The Captaincy General of Cuba (Spanish: Capitanía General de Cuba) was an administrative district of the Spanish Empire created in 1607 as part of Habsburg Spain's attempt to better defend and administer its Caribbean possessions. It also involved creating captaincies general in Puerto Rico, Guatemala and Yucatán.
The Captaincy General of Guatemala (Spanish: Capitanía General de Guatemala), also known as the Kingdom of Guatemala (Spanish: Reino de Guatemala), was an administrative division of the Spanish Empire, under the viceroyalty of New Spain in Central America, including the present-day nations of Costa Rica, Nicaragua, Honduras, El Salvador, and Guatemala, and the Mexican state of Chiapas.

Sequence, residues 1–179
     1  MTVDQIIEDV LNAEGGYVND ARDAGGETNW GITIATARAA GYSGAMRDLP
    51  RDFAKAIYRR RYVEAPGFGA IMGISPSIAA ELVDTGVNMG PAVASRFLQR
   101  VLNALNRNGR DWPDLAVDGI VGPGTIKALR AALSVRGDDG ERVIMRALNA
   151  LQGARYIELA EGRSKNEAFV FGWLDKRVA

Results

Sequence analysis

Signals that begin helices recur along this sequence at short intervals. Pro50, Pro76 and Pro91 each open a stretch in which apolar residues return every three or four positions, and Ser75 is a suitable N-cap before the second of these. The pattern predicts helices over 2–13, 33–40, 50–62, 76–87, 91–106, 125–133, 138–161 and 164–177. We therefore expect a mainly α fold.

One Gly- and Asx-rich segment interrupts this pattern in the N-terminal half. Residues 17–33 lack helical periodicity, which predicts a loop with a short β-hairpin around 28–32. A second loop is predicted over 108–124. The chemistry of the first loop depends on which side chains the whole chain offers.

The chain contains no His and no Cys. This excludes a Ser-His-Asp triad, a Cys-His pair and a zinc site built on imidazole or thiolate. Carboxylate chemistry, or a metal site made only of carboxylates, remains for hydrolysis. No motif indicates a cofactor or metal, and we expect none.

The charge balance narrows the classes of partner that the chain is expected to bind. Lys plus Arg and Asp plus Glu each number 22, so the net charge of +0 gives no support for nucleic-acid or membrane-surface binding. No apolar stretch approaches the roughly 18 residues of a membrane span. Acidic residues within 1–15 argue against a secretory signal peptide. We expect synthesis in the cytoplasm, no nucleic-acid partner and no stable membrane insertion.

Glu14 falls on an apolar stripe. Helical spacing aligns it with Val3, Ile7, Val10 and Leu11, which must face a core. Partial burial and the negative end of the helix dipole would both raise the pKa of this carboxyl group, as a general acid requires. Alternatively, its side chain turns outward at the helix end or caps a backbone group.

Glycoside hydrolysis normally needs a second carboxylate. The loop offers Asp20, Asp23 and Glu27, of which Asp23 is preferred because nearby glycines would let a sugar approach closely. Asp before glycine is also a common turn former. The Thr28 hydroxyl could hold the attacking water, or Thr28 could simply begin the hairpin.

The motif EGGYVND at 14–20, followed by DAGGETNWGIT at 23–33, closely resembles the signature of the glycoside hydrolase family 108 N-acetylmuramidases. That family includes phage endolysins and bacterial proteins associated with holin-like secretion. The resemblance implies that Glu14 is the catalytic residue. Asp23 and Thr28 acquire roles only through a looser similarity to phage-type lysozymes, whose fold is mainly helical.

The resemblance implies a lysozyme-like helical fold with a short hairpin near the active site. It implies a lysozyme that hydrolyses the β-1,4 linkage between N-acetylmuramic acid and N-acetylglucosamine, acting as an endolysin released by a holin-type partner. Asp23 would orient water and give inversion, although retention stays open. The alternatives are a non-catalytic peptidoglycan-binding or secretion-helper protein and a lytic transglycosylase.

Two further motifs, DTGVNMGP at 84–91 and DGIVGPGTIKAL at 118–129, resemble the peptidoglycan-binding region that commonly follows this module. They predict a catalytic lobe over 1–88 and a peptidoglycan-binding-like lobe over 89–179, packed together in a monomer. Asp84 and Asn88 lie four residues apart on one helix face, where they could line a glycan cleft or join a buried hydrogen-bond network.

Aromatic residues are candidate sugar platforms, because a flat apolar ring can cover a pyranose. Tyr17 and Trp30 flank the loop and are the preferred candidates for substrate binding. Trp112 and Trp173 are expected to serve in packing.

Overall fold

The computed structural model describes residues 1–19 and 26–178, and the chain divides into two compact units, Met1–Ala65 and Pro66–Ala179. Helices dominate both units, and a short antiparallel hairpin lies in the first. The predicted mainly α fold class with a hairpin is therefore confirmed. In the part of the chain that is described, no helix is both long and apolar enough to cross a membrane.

The Spaniards colonized the Philippines as the Captaincy General of the Philippines. The Spanish monarchy was represented by the Governor-General from 1565 to 1898. Spain ceded all of its remaining possessions, including the Philippines, save for Cuba at the end of the Spanish–American War via the Treaty of Paris.